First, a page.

The Staff Director, Eleanor Hill, discussed the SIGINT issue fully in her final report.  As reported by Hill and by the 9-11 Commission, the only three individuals linked to the events of 9-11 in the SIGINT reporting were Khalid al-Midhar, Nawaf al-Hazmi, and Salem al-Hazmi.

The NSA provided a “SIGINT Retrospective” and an “Addendum” to the Inquiry Staff.  Those document resides in the paper files of the Congressional Joint Inquiry.  The Retrospective and Addendum included every relevant SIGINT report published and unpublished, unilateral and third-party, concerning the intelligence leading up to the attacks.

I, personally, spent hours sifting through the Retrospective.  I was not directly involved in the writing of the final report and had time to do a thorough analysis of the SIGINT reporting.

I created a work paper that included the text from every one of the SIGINT messages, some three dozen or so, in total.  I then integrated in time sequence all information concerning what the government knew, what government actions had been taken, and what was known about the activities of the 19 hijackers, apart from the SIGINT information.  That work paper resides in the Inquiry files in three variations.  I printed out iterative paper copies.  There are companion electronic files to the paper copies.  I copied all my substantive work files, including my work on the Retrospective, to compact discs.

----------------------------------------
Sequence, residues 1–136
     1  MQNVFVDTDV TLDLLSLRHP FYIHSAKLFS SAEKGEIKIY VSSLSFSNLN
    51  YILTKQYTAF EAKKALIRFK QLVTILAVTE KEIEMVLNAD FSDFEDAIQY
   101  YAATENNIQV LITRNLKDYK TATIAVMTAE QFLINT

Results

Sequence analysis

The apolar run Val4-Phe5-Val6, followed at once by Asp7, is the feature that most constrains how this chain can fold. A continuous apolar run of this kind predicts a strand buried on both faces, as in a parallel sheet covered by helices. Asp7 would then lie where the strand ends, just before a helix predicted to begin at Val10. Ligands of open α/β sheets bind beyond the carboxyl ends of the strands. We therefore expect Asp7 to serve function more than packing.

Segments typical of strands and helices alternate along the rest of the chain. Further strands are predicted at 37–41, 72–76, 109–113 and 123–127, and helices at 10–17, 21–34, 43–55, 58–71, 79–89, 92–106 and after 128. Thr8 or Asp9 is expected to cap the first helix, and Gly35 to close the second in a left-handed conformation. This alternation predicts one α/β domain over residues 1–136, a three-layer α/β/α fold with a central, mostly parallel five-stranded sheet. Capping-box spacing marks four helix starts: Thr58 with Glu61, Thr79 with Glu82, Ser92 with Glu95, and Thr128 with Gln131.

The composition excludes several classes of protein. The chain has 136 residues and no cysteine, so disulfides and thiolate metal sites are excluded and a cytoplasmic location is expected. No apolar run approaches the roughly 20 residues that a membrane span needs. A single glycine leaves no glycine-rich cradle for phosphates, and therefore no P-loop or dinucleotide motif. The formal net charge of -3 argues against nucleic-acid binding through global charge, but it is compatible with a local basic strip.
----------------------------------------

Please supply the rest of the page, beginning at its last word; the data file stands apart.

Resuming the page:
The Commission

One task of the Commission was to build on the work of the Congressional Joint Inquiry.  In addition to NSA the Joint Inquiry had teams dedicated to and working at CIA and the FBI.  My team, the Other Agency Team, had offices at DIA (Defense Intelligence Agency) and at NIMA (National Imagery and Mapping Agency).

The Commission knew about and did build upon the prior work of the Joint Inquiry.

Updating Shenon

In his blog Shenon wrote: the Commission “failed to conduct a thorough inspection of the government’s most important library of raw intelligence on al Qaeda and the 9/11 plot.  And nobody appears to have inspected that intelligence since.”  And, “There is no sign that anyone from Capitol Hill or elsewhere in the government has attempted to get back into the NSA to review its pre-9/11 terrorism archives…”

Capitol Hill did thoroughly investigate and review the pre-9/11 terrorism archives of the NSA.  That information was shared with the Commission.  I personally examined the SIGINT holdings in detail and archived that work.

The 9-11 Compendium

All researchers and historians know–and Shenon knows this–that the public body of investigative knowledge about 9-11 includes the Commission Report, the Joint Inquiry Report, the records of hearings by both entities, the multiple staff statements by both Staff Directors, and, in the case of the Commission, the separately published monographs.  It also includes the Commission’s referral to the Inspectors General of the Department of Transportation and the Department of Defense and the formal reports by both.

To focus on a single component of that body of knowledge and extrapolate a narrow conclusion is misleading, incomplete, and counter-productive to the public’s understanding of the events of the day.

Chatted with Phil Shenon

This morning, I sent a quick email to the “Daily Beast” for forwarding to Shenon.  He called me as I was finishing up this article.  He is aware I am posting this article and he raised the issue of Iran.

I reviewed the Commission Report (the search engine link is invaluable) and Shenon’s treatment of the issue.  My recall of the SIGINT files and the additional work of the Inquiry NSA team is that this issue has been substantively addressed; there is no smoking gun.